What "most of the country" believes is not the measure by which I am judging Pelosi's truthfulness; most of those people only get heaping servings of media spin, so I don't know why you would take comfort or find support for your position there.

    For the last several days, I have tried to point you to some places where there is information that is not media spin, along with analysis of what is in the record, but it is clear to me that you are not interested in learning anything on this issue that might change your mind about Pelosi.  That is certainly your right, but I think you do a disservice to the whole issue by digging in your heels.

    We'll see what happens - if Pelosi is as dirty and culpable as you think she is, then she deserves whatever comes her way.


    She hasn't backed away from it (5.00 / 1) (#19)
    by gyrfalcon on Tue May 19, 2009 at 04:13:37 PM EST
    Where do you get these ideas?  Rush Limbaugh?

    Oh, Idon't know (none / 0) (#27)
    by jbindc on Tue May 19, 2009 at 04:44:00 PM EST
    From the horse's mouth maybe, when the horse changes her story multiple times in a week?

    In fact, the non-partisan blog Politifact.com says the CIA timeline, which is based on contemporaneous notes and calendars, as opposed to Pelosi playing CYA,is more believable right now.

    New acronym - WPRM - What Pelosi Really Meant.

    No PDS here, except that Pelosi has been a terrible Speaker and a huge disappointment since before she took office.

    But again - amazed at all the pearl-clutching going on that "Oh No!  A Dem wouldn't do something wrong!"

    It's not a mutually exclusive proposition that because Bush-Cheney did something wrong, that Pelosi could not have been complicit in their wrong doing and did nothing because (she claims) she couldn't.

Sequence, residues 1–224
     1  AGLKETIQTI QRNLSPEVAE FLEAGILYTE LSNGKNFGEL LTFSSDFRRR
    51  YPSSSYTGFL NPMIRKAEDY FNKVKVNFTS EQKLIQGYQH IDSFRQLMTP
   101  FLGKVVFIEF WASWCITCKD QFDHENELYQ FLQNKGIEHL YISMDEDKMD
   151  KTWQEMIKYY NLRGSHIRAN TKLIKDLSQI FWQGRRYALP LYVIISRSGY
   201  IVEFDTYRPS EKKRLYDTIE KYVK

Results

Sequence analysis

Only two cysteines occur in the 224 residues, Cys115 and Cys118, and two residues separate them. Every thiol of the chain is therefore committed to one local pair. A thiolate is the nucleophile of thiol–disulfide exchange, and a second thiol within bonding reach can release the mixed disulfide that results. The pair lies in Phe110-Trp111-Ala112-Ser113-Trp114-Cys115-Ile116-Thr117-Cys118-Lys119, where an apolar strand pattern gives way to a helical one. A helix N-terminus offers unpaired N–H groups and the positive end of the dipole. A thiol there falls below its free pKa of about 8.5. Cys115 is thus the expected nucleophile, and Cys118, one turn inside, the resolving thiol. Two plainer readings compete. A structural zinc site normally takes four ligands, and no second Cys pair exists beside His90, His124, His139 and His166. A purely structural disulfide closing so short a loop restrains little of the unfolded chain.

There is a big difference (5.00 / 3) (#30)
    by Steve M on Tue May 19, 2009 at 06:39:23 PM EST
    between insisting Pelosi is innocent and refraining from rushing to judgment that she's guilty.  Like with the Iraqi WMDs, I see plenty of fair-minded folks pushing back against the conventional wisdom by quietly noting that they simply haven't seen the evidence of guilt just yet.

    "no real choice . . . (none / 0) (#2)
    by Capt Howdy on Tue May 19, 2009 at 01:03:47 PM EST
    . . . other than to have a thorough investigation"

    I think thats right.

    in spite of Norons perfect performance as a village idiot insisting there will be no investigation.
    it seems to me when you have a former Speaker saying the present Speaker is unqualified to do  her job because of an allegation she seems unwilling to retract, something probably has to give.

    Really? Gingrich is so (none / 0) (#24)
    by gyrfalcon on Tue May 19, 2009 at 04:20:51 PM EST
    credible, his word moves mountains and brings the whole thing tumbling down?

    Don't think so, Cap'n.


    I think you misunderstand me (none / 0) (#28)
    by Capt Howdy on Tue May 19, 2009 at 05:30:30 PM EST
    I, at this point at least, am on her side.